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Clem Snide | The Ghost Of Fashion (Spinart/Cooking Vinyl)
It can't be easy being Eef Barzelay. People must think you're that guy from the Eels, or that your name actually is Clem Snide. Undeterred, Eef puts these things aside and gets down to what he's good at, crafting fine music from unorthodox instrumentation and mixing in lyrics that would make Woody Allen sound positive. Let's Explode does with a lament that "love is only for the lovely" while the band seem to be playing different songs as if to compound his misery. Long Lost Twin has delightful bursts of brass and Hawaiian guitars in an attempt to cheer up our hero who feels like "Elvis longing for his" sibling of the title, until it all breaks down so all he can admit is "sometimes I wish I was never born." Here is part of Eef's gift, turning amusing and quirky lyrics not only on their head, but inside out and every other way too. Laugh one minute, sob the next. Not only does he write a nifty verse, but also he has a fine musical mind. Listen to what's going on behind him and you'll hear some wonderful work, part Neutral Milk Hotel, Penguin Café Orchestra, Yo La Tengo and even Lullaby For The Working Class, but still original enough to stand out. Then, just as you're getting into not knowing what comes next, there's a masterpiece. Moment In The Sun opens innocuously, tries to build, falls down, gets up and then goes crazy amid a flailing drum and sax frenzy that crashes to earth. The dust clears and The Curse Of Great Beauty emerges in a segue that will make you sigh. Eef's voice is plaintive above scratches and gentle noodling and it's a truly inspired moment. As you sit slumped, head bowed by this Joan Jett Of Arc sidles in seamlessly. Not the lightweight song the title suggests, but a heartfelt ballad that is genuinely touching. These three make a sequence that most would kill for and is well worth the cost alone. There are more ups and downs towards the finale with Ancient Chinese Secret Blues being very fragile next to the brash The Junky Jews and the oddness of The Ballad Of Unzer Charlie, all showing that the titles give no clue to what's within. Ending like it started, coming full circle, No One's More Happy Than You has discordant instruments and wailing vocals, including the wonderful observation that "even the sky's feeling blue" in comparison. Get this and make the sea green with envy.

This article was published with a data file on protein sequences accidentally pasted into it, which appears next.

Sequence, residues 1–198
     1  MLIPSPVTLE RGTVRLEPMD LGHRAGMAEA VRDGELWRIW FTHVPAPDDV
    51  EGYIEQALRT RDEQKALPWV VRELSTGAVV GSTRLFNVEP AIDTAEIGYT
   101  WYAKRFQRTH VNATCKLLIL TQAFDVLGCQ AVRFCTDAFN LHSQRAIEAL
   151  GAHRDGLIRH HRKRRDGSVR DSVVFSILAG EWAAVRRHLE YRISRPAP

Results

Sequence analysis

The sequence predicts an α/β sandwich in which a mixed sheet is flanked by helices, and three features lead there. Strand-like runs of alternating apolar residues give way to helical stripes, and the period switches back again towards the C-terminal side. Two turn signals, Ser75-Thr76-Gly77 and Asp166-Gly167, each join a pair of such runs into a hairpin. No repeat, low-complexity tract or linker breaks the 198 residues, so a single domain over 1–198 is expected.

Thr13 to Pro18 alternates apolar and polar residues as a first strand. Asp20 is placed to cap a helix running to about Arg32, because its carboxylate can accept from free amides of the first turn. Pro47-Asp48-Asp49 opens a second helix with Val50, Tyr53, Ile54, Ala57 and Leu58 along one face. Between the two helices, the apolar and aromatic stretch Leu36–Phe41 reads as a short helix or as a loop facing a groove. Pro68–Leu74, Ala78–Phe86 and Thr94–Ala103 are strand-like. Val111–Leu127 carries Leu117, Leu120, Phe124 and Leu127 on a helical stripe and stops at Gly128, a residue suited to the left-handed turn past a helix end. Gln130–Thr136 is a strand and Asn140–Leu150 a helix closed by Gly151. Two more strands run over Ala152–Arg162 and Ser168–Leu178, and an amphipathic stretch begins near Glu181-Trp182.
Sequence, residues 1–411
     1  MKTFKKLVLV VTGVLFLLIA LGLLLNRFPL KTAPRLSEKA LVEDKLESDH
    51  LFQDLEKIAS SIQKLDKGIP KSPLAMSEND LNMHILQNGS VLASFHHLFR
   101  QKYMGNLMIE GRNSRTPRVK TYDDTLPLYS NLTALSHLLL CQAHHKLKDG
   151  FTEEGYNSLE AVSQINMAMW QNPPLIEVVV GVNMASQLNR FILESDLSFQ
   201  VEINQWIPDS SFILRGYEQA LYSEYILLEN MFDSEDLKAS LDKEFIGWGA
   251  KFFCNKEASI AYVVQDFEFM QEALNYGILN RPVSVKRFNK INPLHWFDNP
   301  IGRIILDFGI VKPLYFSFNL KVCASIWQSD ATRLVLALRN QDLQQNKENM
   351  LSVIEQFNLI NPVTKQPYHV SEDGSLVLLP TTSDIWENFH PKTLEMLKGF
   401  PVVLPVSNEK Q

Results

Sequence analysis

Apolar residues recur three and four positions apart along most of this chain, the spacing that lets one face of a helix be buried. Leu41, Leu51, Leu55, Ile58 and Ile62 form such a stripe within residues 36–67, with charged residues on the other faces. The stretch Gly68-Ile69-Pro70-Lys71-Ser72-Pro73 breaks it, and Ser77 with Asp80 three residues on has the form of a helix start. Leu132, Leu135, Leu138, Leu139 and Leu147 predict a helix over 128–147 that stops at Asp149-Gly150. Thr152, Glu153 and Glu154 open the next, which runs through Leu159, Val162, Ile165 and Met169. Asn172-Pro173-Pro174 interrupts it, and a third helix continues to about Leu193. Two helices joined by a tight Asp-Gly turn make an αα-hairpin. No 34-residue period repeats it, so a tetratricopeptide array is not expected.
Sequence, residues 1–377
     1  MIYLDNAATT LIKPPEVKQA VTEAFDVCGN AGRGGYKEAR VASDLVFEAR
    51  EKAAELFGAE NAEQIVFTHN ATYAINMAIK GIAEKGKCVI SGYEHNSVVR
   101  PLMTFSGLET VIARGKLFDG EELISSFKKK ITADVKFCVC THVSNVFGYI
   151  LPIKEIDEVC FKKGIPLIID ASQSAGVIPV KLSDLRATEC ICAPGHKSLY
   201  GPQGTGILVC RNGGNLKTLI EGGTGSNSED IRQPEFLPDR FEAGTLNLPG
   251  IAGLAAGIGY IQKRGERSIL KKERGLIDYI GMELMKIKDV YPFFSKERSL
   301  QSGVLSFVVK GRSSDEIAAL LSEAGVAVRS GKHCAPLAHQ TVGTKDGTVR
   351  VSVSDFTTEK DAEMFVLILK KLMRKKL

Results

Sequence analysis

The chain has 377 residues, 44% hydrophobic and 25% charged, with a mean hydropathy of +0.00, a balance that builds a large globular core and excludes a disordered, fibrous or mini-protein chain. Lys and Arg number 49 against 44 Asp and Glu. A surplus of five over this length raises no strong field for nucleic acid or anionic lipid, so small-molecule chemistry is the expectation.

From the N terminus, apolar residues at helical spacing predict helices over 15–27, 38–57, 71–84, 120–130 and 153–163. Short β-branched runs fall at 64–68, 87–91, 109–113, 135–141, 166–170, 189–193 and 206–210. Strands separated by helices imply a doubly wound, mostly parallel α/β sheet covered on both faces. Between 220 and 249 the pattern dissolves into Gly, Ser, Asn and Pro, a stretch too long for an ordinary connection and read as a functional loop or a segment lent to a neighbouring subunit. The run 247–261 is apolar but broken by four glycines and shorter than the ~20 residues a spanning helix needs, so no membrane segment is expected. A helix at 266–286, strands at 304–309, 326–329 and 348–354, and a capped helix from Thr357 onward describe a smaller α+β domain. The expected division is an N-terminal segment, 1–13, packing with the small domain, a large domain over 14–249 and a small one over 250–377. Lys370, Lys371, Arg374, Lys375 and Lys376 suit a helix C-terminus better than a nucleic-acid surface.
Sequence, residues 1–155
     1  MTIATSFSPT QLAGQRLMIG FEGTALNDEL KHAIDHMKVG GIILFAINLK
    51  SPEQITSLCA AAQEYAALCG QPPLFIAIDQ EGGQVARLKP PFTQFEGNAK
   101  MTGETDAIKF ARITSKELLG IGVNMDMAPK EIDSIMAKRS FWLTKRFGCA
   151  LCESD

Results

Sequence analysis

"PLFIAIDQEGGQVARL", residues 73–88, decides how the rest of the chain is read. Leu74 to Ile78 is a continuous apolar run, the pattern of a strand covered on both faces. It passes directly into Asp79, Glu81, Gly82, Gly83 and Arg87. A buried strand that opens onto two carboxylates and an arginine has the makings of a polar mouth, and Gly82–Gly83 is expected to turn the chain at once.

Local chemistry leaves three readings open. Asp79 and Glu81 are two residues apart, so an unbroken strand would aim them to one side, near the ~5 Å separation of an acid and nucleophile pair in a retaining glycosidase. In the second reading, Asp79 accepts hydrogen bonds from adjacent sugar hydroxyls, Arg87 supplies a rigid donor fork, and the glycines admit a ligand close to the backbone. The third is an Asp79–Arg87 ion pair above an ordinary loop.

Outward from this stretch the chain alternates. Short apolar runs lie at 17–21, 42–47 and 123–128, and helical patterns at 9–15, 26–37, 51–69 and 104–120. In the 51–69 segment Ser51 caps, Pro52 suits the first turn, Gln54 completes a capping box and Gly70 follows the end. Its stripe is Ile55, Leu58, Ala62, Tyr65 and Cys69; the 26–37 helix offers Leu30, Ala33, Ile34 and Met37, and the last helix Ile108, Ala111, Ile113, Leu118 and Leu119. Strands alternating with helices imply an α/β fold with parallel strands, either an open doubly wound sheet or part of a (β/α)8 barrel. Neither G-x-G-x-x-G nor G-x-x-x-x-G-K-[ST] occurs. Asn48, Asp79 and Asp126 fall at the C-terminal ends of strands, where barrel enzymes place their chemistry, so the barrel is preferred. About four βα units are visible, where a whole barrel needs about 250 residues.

Laurence Arnold
October 2001